• February 22, 2017

Wilson & Associates Monthly Newsletter, February 2017


    Where the Magic Happens

     By:  Bonnie Bryan Denham

    As a Technical Editor that’s spent 4 years in the aerospace industry and 11 years in the oil and gas industry, a popular phrase I’ve gotten used to hearing is, “Work your magic.” This “magic” (mostly white magic, but sometimes involving a little black magic when MS Word is misbehaving) can encompass a lot.  I should probably say, it encompasses everything.

    Checking documents for spelling and grammar errors is just the beginning of what this phrase means to the teams I’ve supported over the years. To me, this magic also includes stellar customer service and a never-ending, enthusiastic willingness to help.

    While writing this article I was asked to think of the most seemingly mysterious issues I’ve been asked by clients to remedy – things that don’t just involve formatting fixes. Three issues that come to mind are:

    1.  Reducing the size of a file that started out small but has suddenly grown, to make it email-able again
    2.  Removing stuck watermarks
    3.  Consolidating multiple files of revisions into a master file (when reviewers didn’t use SharePoint or MS Word’s Track Changes feature)

    Continue reading the full article on our website

    The magic behind the first issue actually involves three things: accepting all changes in the document if they’ve been tracked for any extended time (this backlog will eventually affect a document’s formatting as well), cutting figures out and re-pasting them using Paste Special, and/or resizing figures using layout options instead of dragging the corners.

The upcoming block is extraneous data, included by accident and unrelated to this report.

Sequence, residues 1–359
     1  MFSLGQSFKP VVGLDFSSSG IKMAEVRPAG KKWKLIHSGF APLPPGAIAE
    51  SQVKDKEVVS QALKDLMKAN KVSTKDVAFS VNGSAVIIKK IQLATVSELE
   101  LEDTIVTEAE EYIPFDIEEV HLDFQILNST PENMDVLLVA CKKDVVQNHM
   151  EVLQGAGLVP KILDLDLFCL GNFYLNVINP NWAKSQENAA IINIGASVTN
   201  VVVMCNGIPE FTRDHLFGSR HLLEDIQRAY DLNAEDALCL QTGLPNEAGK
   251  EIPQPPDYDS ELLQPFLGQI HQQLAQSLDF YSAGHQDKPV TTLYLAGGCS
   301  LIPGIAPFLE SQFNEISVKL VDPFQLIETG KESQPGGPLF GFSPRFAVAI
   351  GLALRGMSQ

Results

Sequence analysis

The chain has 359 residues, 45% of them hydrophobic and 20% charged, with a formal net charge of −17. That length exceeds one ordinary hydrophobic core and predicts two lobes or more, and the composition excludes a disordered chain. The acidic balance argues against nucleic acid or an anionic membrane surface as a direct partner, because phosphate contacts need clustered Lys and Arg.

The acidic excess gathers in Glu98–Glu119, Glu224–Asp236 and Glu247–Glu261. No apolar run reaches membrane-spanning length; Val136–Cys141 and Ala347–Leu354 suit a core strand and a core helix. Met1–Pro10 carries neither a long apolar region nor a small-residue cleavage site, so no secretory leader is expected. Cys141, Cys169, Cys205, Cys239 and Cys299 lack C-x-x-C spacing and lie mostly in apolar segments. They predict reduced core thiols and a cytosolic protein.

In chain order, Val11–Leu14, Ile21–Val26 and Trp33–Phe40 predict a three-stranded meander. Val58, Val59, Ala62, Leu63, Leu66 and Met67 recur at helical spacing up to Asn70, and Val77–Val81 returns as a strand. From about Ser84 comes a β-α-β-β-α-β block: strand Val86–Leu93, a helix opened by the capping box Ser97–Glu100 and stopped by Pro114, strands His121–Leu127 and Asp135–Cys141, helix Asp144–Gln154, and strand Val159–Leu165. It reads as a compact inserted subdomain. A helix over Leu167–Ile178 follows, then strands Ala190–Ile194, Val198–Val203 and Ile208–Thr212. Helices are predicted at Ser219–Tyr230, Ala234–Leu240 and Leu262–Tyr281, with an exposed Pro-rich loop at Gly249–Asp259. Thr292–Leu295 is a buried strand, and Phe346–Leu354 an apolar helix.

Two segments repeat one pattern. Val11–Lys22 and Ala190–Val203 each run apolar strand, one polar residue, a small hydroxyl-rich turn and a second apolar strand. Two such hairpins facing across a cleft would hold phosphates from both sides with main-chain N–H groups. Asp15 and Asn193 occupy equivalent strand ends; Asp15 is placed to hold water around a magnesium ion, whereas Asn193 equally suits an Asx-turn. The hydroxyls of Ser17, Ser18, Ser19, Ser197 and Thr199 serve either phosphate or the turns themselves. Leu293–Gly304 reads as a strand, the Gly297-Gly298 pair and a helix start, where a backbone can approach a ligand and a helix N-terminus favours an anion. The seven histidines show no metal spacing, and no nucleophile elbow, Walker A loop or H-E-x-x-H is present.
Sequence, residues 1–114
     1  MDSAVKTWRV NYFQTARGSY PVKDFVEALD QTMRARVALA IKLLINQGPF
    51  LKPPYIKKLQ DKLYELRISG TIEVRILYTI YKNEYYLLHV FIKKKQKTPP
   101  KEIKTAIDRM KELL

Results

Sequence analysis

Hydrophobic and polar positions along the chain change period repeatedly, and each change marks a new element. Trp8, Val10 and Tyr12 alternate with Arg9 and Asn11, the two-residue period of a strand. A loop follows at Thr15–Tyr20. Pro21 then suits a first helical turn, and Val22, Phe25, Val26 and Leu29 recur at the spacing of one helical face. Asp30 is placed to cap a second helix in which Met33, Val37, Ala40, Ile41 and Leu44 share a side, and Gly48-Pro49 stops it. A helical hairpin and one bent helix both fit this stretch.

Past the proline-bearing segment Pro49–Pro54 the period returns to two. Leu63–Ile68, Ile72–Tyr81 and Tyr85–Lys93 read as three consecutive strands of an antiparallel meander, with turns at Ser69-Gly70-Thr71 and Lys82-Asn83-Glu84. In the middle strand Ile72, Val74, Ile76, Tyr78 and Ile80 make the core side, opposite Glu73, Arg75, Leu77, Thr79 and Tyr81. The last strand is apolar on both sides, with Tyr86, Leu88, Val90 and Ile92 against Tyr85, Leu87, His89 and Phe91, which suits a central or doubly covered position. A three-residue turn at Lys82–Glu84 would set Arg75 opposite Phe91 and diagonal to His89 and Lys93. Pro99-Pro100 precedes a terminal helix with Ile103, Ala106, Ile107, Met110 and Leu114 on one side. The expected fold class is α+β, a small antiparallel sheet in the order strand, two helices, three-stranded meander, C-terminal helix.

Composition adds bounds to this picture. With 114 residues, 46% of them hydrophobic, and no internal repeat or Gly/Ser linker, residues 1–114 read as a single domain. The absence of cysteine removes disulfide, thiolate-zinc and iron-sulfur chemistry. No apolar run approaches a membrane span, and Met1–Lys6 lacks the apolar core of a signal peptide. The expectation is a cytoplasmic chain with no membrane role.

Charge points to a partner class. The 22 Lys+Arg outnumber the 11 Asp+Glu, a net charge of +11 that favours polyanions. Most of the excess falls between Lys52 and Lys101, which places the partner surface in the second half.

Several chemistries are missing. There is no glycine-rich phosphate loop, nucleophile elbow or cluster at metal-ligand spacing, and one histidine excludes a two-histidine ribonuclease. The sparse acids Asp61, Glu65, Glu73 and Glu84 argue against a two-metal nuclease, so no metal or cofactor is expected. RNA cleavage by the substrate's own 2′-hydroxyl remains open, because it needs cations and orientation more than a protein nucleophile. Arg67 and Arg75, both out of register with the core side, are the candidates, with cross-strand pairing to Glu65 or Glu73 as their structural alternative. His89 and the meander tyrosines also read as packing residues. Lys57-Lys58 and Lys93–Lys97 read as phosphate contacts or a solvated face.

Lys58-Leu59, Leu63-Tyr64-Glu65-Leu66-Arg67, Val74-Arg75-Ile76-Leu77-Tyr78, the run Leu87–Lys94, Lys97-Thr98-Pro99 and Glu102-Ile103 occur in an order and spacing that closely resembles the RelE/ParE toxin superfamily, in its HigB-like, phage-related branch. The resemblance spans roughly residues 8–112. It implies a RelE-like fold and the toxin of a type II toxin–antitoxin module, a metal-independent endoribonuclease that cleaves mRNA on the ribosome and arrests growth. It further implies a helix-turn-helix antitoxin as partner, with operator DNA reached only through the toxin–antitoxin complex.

The magic behind the second issue (and yes, this issue is a weird, unexplainable one) requires double-clicking to access the header area on the page that contains the rogue watermark. Once you’re in the header area, click on the watermark down below as if you were selecting an image.  Then, just hit the delete key.

    The magic behind the third issue involves using MS Word’s Document Compare/Combine feature. Go to the Review tab, and click on the Compare button in the ribbon. Make a selection based on your needs.

    Over time I’ve also become acutely aware of how much trust is involved when a client hands over a document, and all they offer me in terms of what to do with it is a brief “Work your magic!” that they shout over their shoulder at me as they rush back down the hall to make a meeting. It’s a lot of pressure, but by this point we’re both (Author/Engineer and Technical Editor) comfortable; we’re in the zone.  It’s a good place to be. This zone of mutual understanding, where you can literally witness Office NPT (non-productive time) being reduced, is where W&A strives to be with each of our clients, from day one.

    While I’m always willing to do whatever I can to help, I also want to ensure that I’m not seen as a gate-keeper or roadblock. I don’t want people to feel like they can’t do something without me. (I’d also like to enjoy vacations without my phone.) When asked, I’m always willing to showcase a little of the so-called magic. And no, I’m not worried about teaching myself out of a job. (As soon as you fix one issue, MS Word specifically will loyally issue another.)  After the “magic show,” people will often comment, “Wow! How did you learn to do that?”  “Practice,” is my usual, humble (and truthful!) response.